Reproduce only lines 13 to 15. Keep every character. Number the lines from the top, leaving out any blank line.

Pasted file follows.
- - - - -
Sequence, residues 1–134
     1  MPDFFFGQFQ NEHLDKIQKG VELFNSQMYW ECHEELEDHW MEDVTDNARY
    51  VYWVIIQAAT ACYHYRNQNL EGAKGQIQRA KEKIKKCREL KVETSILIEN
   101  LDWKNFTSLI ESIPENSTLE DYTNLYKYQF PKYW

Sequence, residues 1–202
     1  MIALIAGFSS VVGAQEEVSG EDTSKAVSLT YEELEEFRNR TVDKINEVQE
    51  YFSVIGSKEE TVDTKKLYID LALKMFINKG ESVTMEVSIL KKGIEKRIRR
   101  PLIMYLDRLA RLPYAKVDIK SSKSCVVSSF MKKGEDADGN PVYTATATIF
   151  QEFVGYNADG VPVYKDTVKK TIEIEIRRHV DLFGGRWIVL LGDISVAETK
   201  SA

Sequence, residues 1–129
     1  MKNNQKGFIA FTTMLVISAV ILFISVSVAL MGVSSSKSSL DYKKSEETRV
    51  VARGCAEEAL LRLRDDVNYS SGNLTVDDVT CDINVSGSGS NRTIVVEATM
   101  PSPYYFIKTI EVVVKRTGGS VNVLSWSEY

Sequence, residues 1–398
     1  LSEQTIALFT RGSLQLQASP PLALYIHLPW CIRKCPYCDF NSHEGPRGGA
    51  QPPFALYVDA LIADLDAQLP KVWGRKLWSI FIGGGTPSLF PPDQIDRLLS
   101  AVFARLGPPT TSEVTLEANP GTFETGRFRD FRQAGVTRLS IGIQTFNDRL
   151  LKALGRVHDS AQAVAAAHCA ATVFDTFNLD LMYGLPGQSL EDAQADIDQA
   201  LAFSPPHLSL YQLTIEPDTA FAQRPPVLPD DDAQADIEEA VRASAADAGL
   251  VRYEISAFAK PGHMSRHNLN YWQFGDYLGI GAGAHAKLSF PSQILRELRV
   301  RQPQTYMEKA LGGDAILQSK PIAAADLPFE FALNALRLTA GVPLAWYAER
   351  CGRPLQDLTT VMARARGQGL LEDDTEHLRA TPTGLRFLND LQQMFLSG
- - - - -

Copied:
    51  VARGCAEEAL LRLRDDVNYS SGNLTVDDVT CDINVSGSGS NRTIVVEATM
   101  PSPYYFIKTI EVVVKRTGGS VNVLSWSEY

Sequence, residues 1–398